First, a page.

Early in Cortland County the Tioughnioga River was used to transport products to market through the Susquehanna River system. Rafts, flat boats and vessels called “arks” carried salt, potash, pork, dried apples, maple sugar, whiskey and other commodities.  This same mode of transportation was also employed throughout the Southern Tier.  Rivers and streams throughout this region were navigated, particularly in early spring during high water.  The head of navigation on the Tioughnioga was the village of Port Watson, which is now the far end of Port Watson Street in Cortland where the Route 11 bridge crosses the river. The river route south was Port Watson to Chenango Forks, the confluence of the Tioughnioga and Chenango Rivers, which emptied into the Susquehanna River at Binghamton, then west through Owego to what is now Sayre and Athens, Pa., and then south on the Susquehanna to Columbia, Wilkes Barre, Harrisburg and Baltimore.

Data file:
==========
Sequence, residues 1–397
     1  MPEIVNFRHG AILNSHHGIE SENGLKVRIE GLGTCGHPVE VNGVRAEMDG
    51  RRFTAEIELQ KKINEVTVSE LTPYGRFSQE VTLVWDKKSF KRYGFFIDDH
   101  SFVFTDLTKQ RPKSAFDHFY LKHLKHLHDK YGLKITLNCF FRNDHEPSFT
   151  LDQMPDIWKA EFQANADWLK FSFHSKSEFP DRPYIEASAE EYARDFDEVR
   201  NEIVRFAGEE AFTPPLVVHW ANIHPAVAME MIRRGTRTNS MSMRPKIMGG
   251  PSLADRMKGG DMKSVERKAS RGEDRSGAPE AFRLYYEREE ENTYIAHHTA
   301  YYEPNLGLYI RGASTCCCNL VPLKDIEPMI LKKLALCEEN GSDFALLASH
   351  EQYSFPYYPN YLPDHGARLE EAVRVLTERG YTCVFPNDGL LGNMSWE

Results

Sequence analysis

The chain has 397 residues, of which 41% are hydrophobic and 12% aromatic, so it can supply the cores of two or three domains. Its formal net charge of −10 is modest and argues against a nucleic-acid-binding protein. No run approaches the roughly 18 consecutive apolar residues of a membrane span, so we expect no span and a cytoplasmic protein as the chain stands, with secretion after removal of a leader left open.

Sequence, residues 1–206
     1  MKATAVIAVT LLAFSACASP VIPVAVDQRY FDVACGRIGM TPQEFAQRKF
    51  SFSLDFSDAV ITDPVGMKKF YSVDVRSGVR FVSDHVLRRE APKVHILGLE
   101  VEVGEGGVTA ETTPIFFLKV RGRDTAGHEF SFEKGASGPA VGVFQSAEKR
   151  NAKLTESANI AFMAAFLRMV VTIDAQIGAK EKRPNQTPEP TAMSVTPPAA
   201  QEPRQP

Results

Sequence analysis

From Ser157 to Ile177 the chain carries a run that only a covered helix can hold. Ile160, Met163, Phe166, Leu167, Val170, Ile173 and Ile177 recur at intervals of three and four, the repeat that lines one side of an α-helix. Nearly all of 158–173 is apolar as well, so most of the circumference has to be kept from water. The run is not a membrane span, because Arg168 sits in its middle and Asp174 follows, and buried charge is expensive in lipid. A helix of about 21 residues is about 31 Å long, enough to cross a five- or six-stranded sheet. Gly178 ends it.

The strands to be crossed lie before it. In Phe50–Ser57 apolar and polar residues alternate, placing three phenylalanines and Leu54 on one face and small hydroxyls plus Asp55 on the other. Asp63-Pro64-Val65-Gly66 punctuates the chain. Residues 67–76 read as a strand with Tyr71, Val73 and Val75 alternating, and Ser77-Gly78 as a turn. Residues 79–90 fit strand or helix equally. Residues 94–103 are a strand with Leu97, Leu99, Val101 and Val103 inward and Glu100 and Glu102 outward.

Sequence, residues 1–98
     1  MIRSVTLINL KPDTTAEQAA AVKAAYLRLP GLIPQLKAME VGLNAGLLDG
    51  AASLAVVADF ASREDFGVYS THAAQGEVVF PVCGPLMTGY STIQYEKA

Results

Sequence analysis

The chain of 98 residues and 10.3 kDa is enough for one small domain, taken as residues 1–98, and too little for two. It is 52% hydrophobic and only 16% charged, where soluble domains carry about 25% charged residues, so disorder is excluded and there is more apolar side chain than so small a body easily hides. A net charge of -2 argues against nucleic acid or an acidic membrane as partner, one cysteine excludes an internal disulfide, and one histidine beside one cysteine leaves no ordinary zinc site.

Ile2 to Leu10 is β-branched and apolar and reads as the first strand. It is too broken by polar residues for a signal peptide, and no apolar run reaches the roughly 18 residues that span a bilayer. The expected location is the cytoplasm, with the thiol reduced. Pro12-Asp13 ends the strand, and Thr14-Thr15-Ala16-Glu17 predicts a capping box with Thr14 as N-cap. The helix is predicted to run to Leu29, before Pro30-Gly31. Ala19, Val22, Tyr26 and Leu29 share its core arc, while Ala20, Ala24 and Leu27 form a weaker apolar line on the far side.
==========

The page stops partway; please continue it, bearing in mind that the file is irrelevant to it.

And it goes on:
In those days the area was heavily timbered so there was a greater volume of water in the river than there is today—especially at the time of year during “high water.” The river was declared by law a public highway in 1814. The importance of the Tioughnioga as a waterway lasted until about the time the Syracuse & Binghamton Railroad was opened in 1854.

Skip, Bob, Steve and I paddled the Tioughnioga River from East Homer to Chenango Forks. The Tioughnioga River is a narrow river with several twist, turns and easy “swifts” to keep paddlers engaged.  It does parallel many roadways and highways and you’re never out of  earshot of civilization.  Flooding in early spring left piles of tree debris at curves.